MIAMI, March 2 — A federal judge in Florida held a hearing yesterday to set a date for Donald Trump’s trial on charges of mishandling classified documents and said a July 8 start proposed by prosecutors was unlikely.

Trump, 77, the frontrunner for the Republican presidential nomination, attended the hearing during which his attorneys argued that the trial should not be held until after the November election.

Lawyers for the former president said that if District Judge Aileen Cannon does insist on setting a date, the trial should begin on August 12.

Special counsel Jack Smith, who brought the charges against the former president, had proposed the July 8 start date but Cannon, during yesterday’s hearing, said that was “unrealistic” given all of the pretrial motions in the case.


The hearing, held in Fort Pierce, about 125 miles (200 kilometres) north of Miami, concluded without Cannon setting a date for the start of the trial.

Trump pleaded not guilty in June to charges of unlawfully retaining national defence information, conspiracy to obstruct justice and making false statements.

He kept the classified files — which included records from the Pentagon, CIA and National Security Agency — unsecured at his Mar-a-Lago home in Florida and thwarted official efforts to retrieve them, according to the indictment.


Lawyers for the former president have sought repeatedly to delay his various court cases until after the November election, when Trump could potentially have the federal charges against him dropped if he wins.

Trump also faces federal charges of conspiring to overturn the results of the 2020 election won by Democrat Joe Biden.

That trial had been scheduled to begin in Washington next week, but has been put on hold while the Supreme Court hears Trump’s claim that as a former president he is immune from prosecution.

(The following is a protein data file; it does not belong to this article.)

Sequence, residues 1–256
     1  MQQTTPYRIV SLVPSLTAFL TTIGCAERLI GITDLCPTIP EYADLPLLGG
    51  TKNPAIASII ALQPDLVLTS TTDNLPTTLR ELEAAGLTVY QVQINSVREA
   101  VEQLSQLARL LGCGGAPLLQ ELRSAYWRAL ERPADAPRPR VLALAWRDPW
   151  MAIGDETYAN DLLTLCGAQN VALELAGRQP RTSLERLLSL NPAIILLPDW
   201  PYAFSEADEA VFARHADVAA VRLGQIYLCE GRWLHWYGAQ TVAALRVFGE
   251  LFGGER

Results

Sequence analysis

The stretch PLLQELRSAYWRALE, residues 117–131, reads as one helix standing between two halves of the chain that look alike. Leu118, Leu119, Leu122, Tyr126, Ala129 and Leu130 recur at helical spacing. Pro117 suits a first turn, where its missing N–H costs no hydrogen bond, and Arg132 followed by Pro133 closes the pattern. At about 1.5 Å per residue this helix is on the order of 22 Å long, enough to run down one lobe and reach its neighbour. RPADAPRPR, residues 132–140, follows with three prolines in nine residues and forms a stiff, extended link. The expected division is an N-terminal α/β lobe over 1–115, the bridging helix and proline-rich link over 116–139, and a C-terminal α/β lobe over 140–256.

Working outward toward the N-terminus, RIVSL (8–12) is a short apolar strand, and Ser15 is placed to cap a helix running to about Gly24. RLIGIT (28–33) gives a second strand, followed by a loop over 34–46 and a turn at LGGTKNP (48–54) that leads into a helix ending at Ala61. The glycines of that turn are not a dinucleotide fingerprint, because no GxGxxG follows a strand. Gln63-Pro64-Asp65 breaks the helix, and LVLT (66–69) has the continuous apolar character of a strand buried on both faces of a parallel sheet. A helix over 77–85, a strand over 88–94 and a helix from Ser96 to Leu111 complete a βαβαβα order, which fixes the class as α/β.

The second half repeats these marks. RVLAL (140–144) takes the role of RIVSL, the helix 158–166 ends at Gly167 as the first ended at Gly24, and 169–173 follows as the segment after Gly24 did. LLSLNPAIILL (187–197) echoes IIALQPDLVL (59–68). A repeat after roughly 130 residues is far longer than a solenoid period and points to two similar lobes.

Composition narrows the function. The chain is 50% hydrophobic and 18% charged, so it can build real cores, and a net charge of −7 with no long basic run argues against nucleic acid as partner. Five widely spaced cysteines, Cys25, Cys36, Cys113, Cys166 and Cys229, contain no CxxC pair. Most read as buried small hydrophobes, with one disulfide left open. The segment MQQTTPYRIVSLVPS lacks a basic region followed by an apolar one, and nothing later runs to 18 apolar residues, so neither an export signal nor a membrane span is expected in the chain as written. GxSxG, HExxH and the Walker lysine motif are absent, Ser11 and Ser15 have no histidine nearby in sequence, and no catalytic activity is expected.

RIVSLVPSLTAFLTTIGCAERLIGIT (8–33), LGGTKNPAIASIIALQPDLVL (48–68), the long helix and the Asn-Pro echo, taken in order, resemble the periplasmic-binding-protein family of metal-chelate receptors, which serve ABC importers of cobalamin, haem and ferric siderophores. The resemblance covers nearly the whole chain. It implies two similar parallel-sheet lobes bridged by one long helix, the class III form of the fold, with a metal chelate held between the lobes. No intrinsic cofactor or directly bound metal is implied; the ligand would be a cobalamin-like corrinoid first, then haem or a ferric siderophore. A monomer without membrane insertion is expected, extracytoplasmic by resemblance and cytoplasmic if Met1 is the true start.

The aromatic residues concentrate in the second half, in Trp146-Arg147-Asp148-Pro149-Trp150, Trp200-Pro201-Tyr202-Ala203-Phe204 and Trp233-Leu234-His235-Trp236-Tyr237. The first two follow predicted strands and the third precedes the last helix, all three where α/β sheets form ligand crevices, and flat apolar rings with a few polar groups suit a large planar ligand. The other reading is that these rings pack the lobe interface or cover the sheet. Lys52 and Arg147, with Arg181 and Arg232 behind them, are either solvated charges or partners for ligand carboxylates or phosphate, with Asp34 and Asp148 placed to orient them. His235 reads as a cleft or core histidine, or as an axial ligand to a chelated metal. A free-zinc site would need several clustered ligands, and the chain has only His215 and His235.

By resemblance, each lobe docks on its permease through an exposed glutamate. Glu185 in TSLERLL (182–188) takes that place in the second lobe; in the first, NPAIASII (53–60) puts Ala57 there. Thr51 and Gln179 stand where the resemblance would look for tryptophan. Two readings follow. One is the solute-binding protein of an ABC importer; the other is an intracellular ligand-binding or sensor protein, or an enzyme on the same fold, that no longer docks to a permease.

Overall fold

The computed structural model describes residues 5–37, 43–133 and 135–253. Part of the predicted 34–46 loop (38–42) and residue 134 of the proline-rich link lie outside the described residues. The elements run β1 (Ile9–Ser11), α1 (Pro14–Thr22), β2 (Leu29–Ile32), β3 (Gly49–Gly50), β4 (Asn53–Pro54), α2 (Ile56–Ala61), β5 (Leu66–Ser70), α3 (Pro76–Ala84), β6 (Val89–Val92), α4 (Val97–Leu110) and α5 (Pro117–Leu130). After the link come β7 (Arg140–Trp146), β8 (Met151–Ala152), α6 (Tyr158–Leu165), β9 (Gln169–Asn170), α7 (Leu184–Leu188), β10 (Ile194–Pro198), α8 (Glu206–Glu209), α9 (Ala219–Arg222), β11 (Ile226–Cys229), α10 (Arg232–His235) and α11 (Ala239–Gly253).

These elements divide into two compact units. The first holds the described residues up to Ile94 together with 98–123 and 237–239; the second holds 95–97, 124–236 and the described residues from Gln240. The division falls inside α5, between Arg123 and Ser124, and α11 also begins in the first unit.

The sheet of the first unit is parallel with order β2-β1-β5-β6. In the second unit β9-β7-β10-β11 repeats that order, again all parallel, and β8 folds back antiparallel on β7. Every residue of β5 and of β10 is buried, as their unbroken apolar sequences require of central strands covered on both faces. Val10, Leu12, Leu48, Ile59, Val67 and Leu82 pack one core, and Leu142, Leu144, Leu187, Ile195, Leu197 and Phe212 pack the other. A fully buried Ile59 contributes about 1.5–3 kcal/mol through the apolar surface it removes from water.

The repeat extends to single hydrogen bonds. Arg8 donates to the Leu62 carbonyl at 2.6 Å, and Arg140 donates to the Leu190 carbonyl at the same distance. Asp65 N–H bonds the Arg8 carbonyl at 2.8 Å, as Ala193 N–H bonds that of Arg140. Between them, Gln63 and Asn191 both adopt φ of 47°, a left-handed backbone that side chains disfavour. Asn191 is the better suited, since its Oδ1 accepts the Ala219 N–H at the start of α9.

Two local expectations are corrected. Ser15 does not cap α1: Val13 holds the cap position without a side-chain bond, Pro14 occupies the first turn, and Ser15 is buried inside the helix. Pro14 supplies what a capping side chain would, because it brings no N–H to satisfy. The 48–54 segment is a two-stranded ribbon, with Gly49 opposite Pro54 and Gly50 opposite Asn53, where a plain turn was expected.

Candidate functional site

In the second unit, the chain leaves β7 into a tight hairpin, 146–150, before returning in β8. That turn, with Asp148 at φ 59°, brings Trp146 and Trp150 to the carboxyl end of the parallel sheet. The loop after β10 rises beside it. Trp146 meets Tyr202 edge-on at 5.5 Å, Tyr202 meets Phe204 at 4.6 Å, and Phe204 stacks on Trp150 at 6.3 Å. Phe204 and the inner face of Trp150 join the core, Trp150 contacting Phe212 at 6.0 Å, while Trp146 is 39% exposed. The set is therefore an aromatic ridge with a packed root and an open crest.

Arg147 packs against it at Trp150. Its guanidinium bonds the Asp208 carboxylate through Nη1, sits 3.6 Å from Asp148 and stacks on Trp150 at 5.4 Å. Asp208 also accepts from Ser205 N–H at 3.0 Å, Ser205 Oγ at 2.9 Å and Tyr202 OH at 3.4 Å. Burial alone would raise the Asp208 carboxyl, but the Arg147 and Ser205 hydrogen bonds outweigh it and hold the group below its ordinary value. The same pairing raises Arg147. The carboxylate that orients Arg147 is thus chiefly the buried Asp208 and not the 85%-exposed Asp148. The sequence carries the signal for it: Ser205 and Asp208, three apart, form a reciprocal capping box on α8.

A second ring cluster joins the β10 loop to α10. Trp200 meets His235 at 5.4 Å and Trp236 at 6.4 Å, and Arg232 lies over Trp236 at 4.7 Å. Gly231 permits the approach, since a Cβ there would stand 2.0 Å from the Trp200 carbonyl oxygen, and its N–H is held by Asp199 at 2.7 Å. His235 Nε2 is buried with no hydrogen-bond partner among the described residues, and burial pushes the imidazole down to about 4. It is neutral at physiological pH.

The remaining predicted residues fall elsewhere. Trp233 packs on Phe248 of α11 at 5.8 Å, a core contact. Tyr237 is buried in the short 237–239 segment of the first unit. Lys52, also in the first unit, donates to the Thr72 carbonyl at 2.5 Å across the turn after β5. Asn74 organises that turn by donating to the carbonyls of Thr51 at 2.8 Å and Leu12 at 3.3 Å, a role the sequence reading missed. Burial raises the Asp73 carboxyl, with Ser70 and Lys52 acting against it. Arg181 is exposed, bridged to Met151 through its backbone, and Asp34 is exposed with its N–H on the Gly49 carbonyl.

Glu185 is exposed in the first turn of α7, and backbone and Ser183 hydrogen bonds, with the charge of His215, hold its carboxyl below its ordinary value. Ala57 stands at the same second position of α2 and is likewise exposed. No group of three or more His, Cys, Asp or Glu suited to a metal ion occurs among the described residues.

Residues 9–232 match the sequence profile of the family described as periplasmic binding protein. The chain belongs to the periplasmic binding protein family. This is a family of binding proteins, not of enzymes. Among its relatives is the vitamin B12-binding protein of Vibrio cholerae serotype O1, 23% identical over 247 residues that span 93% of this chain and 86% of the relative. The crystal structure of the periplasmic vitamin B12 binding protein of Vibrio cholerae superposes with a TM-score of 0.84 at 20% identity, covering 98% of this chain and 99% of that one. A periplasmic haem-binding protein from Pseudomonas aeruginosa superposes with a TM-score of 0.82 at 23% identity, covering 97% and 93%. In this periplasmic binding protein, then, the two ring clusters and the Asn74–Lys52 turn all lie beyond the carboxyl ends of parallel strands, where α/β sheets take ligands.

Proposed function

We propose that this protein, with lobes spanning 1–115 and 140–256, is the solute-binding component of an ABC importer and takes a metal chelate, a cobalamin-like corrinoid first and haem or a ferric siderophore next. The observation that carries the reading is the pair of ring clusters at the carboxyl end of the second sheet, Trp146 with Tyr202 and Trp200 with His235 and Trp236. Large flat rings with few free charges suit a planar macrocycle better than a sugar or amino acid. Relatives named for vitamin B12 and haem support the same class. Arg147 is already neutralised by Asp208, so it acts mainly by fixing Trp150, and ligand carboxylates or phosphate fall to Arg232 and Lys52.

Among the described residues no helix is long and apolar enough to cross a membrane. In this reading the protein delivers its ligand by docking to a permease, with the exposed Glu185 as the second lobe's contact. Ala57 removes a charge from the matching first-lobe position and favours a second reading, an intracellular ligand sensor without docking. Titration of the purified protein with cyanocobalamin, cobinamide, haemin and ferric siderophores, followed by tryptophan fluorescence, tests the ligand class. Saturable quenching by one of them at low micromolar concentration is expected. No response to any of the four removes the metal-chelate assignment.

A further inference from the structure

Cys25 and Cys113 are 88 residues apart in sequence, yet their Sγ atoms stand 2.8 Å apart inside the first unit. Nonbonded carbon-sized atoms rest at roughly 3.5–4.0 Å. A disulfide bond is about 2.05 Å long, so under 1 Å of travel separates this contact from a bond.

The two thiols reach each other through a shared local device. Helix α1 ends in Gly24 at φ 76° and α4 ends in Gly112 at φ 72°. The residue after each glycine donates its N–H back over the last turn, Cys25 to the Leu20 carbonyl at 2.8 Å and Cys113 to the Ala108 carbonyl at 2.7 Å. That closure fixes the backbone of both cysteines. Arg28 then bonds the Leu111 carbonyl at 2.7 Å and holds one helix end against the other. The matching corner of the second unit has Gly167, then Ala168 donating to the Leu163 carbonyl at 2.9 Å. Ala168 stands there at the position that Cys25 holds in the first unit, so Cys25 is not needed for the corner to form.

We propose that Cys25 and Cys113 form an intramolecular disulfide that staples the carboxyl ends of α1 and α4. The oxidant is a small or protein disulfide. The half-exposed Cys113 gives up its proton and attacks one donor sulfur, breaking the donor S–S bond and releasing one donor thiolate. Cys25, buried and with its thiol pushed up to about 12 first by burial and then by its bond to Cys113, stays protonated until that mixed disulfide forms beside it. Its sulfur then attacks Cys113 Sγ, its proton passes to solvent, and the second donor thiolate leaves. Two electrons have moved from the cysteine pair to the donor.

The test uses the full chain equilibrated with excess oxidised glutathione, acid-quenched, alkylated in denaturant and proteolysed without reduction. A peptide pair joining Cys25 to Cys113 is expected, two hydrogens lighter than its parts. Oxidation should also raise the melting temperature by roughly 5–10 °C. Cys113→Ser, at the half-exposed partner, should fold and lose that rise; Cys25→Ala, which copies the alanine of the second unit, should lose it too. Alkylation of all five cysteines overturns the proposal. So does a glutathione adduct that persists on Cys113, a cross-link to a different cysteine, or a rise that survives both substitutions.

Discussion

Trump has lodged a similar presidential immunity claim with Cannon, the Florida judge, and she could potentially freeze the documents case pending a decision from the nation’s highest court on the immunity bid.

The Supreme Court has scheduled arguments in the high-stakes immunity case for the week of April 22, and is expected to issue a ruling before the end of June.

A three-judge appeals court panel ruled earlier this month that a former president has no immunity from prosecution for actions taken while in the White House.

Georgia decision ‘within two weeks’

Trump also faces 2020 election interference charges in Georgia and is scheduled to go on trial in New York on March 25 on state charges of falsifying business records by paying pre-election hush money to a porn star.

A judge in Georgia heard final arguments yesterday in a bid by lawyers for Trump and other defendants to disqualify the prosecutor in their election interference case.

The allegations of misconduct against District Attorney Fani Willis have threatened to delay the Georgia case or torpedo it entirely.

Trump and his co-defendants have asked Fulton County Superior Court Judge Scott McAfee to disqualify Willis following revelations she had a romantic relationship with the man she hired to work as the special prosecutor on the case, Nathan Wade.

Willis and Wade both denied under oath that their relationship began before she hired him to work on the high-profile case in November 2021.

McAfee, at the conclusion of Friday’s hearing, said he would deliver his decision on whether to disqualify Willis within two weeks. — AFP